In Search of Hobart by Peter Timms

I’m feeling homesick for Tasmania. I had a trip planned ‘home’ for October but then COVID-19 happened and our travel plans were shelved. Back in February 2013, I wrote this review. Since then I’ve been to Hobart a few times, stayed at Battery Point, walked around the inner city, visited some of the sights and enjoyed (always) the Salamanca Market.

‘What a place to be!’

Hobart, the state capital of Tasmania, is Australia’s smallest, second oldest and most southerly capital city. Greater Hobart had a population of 216,276 in 2011, according to the Australian Bureau of Statistics. As a consequence of its geographic setting, it’s both a long narrow city and a beautiful one. Divided by the Derwent River and overlooked by Mount Wellington, Hobart has a character all of its own.

In this book, Peter Timms explores the history of Hobart from the settlement at Sullivan’s Cove in 1804 to the present. This is less a history than it is a commentary on the influences that have shaped both Tasmania and Hobart (both good and bad) and what it is like to live in Hobart.

‘Tasmania, along with Outer Mongolia and Timbuktu, has long been seen a symbol of remoteness, whether of the mysterious, the enticing or the cruelly comic kind.’

While Tasmania is comparatively less remote these days because travel by both sea and air is less expensive than it was in the past, it is still an island some 240 kilometres (at its narrowest point) from the Australian mainland. Bass Strait can be both a physical and a psychical barrier to travel.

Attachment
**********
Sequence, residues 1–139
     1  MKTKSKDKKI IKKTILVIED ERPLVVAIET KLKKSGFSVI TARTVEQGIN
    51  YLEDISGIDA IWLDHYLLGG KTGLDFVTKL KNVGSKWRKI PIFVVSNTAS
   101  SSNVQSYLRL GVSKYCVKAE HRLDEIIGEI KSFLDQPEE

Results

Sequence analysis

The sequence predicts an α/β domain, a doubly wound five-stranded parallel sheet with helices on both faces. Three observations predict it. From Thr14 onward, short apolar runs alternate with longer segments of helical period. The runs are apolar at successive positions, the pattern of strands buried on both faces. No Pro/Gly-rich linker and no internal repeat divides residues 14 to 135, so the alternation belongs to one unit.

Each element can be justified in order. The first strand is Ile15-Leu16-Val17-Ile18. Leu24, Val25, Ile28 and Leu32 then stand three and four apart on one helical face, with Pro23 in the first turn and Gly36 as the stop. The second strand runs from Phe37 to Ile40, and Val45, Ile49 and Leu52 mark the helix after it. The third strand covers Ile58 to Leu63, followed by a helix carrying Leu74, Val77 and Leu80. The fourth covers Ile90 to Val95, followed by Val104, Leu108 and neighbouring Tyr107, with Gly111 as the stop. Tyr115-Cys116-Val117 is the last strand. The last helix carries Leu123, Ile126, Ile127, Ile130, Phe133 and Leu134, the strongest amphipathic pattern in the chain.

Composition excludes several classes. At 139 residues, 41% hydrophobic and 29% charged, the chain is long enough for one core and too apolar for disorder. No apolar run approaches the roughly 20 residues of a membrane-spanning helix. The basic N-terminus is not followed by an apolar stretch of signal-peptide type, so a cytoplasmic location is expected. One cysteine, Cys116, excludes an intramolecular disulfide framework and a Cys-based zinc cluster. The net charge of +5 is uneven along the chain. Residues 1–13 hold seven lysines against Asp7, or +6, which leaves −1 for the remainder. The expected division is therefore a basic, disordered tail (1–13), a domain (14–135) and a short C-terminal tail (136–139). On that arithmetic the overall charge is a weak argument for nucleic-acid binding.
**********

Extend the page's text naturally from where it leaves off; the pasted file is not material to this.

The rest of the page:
‘Hobart’s great paradox is that most of what people admire about it today is the result of poverty in the past.’

How true: many of Hobart’s public buildings would have been replaced in larger cities, which would be a great shame. Many of the small cottages of the 19th century are now regarded as highly desirable residences. And yet, there is a clash between old and new, and some of the new buildings are not at all sympathetic to their surroundings.

Hobart has the Tasmanian Symphony Orchestra, and the University of Tasmania (one of Australia’s Sandstone Universities founded in 1890). Hobart also has Constitution Dock where the Sydney to Hobart Yacht Race ends each year, the amazing Museum of Old and New Art (MONA) and a couple of terrific independent bookstores.

This is more an introduction to Hobart than it is a guidebook. It gives context and explanation rather than grid references and ratings. Peter Timms touches on Hobart’s suburban sprawl, and the problems created in some areas where public housing is concentrated.

I found the book very interesting. The narrative is supported by anecdotes and interviews. Although I grew up in Tasmania, like many from the north of the island I spent very little time in the south. Hobart was seen as the seat of government, a source of bureaucratic interference, a place to be avoided rather than enjoyed. I visited Hobart briefly last year, and this book confirms what that visit hinted: I need to spend more time in Hobart both exploring the past and enjoying the present. It’s not the city I remembered from the 1970s: it’s a more diverse and interesting place.

Jennifer Cameron-Smith